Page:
Doc, reposting from 2015 ballot thread, post 179, with links to BP's studies since Marchi left:

Discussion of past balls and wild pitch evaluations with a link to the leaderboard for PB_WP saved:
http://www.baseballprospectus.com/article.php?articleid=27849
http://www.baseballprospectus.com/sortable/index.php?cid=1892377

The mixed models approach to catcher valuation:
http://www.baseballprospectus.com/article.php?articleid=25514

A seminal article in trying to evaluate catcher defense:
http://www.baseballprospectus.com/article.php?articleid=22934

Taking Buster Posey's player page as an example:
http://www.baseballprospectus.com/card/card.php?id=58548
BP's has added a tab for catching that details it's breakout of components.

Don't know if this is what you were hoping for, but it's all I've got :)
   24. Carl Goetz Posted: January 09, 2016 at 11:41 AM (#5129898)
Does anyone have a strong opinion of fWAR vs RWAR vs WARP?
I know fWAR uses FIP for pitchers with different replacement level for starters vs relievers and UZR for Fielders (2002-present anyway).
rWAR uses actual runs allowed for pitchers and TZR for fielders.
And WARP doesn't really tell you what they use.

I lean towards fWAR due to usage of FIP but not sure how I feel about the defensive metrics. Also, what's your opinion about the different methods' treatment of relievers? Is it fair?

I've been a Win Shares guy in the past, but am starting to wonder if one of the WARs would be better for player analysis as it starts with the player instead of the team. My main concern is not rewarding/punishing the players when the team over/under performs their Pythagorean Record.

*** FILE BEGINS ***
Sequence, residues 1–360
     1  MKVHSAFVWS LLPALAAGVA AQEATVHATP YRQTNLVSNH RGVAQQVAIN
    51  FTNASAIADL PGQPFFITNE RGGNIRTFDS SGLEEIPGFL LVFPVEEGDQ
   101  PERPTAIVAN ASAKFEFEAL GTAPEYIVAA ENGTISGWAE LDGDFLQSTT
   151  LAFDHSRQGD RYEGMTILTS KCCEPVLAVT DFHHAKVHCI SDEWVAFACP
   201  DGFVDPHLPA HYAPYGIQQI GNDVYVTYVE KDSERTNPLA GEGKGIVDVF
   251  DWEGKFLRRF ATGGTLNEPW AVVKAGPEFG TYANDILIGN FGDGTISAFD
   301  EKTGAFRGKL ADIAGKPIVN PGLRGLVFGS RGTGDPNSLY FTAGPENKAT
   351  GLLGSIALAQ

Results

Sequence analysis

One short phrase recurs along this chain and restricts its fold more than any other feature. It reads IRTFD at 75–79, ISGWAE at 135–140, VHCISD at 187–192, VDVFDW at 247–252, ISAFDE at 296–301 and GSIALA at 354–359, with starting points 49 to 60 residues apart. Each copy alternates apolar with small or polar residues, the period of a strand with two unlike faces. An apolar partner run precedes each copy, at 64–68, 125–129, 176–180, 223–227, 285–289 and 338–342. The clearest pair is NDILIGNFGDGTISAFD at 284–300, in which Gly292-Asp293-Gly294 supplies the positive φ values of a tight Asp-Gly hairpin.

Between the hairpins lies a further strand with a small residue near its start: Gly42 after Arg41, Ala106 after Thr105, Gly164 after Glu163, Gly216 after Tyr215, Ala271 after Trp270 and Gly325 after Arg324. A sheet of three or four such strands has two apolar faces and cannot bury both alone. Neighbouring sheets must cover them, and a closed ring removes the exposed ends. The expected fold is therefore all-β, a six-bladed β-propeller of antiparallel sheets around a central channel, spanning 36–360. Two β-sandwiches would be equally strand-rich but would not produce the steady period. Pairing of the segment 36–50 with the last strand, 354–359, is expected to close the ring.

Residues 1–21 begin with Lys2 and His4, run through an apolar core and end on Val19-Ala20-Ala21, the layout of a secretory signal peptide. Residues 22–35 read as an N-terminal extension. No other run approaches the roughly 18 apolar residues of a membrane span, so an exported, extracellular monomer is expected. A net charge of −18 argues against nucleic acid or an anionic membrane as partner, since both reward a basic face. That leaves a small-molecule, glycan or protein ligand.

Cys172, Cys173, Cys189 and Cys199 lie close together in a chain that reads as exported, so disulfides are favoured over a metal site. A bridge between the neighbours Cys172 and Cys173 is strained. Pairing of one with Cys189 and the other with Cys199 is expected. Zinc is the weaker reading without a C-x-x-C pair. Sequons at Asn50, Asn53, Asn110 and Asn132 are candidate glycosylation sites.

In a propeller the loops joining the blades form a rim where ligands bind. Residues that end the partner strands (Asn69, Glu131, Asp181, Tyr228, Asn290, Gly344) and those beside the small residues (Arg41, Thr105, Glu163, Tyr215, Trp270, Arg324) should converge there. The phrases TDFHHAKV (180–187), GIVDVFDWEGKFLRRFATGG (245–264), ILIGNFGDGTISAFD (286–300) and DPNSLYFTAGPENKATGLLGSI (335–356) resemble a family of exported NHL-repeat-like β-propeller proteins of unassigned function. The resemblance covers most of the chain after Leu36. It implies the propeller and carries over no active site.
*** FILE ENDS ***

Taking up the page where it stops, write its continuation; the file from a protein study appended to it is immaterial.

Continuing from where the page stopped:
25. Carl Goetz Posted: January 09, 2016 at 11:42 AM (#5129900)
Also, is there a better thread to have posted this question to?
   26. Bleed the Freak Posted: January 10, 2016 at 05:15 PM (#5130618)
Does anyone have a strong opinion of fWAR vs RWAR vs WARP?
I know fWAR uses FIP for pitchers with different replacement level for starters vs relievers and UZR for Fielders (2002-present anyway).
rWAR uses actual runs allowed for pitchers and TZR for fielders.
And WARP doesn't really tell you what they use.

I lean towards fWAR due to usage of FIP but not sure how I feel about the defensive metrics. Also, what's your opinion about the different methods' treatment of relievers? Is it fair?

I've been a Win Shares guy in the past, but am starting to wonder if one of the WARs would be better for player analysis as it starts with the player instead of the team. My main concern is not rewarding/punishing the players when the team over/under performs their Pythagorean Record.


My strong opinion is to also review Baseball Gauge WAR that uses DRA (Michael Humphreys Defensive Regression Analysis).
For pre 2003 era defensive analysis, DRA is my preferred method of choice, with 2003-present play-by-play data from DRS (Baseball-Reference) and UZR (Fangraphs) as additional strong if not superior choices. I think Baseball Prospectus FRAA is a good additional check, although it's a black box as to what the inputs are.

For information on DRA, please visit:
http://seamheads.com/baseballgauge/
The choose a metric drop down in the top right hand corner allows you to pick Baseball Gauge WAR (gWAR) or a customized blend of different metrics for offense/defense.

For book details and the initial public version of DRA, consult:
http://global.oup.com/us/companion.websites/9780195397765/

The good Doc Chaleeko is well versed on the ins and outs of DRA, so I would recommend asking him any questions you may have, or Mr. Humphreys himself if available.
I have a running Excel spreadsheet of player rundowns for the top ~1000 or so guys if anyone would like to use as a reference document, can send by mail or upload to the Yahoo Hall of Merit group.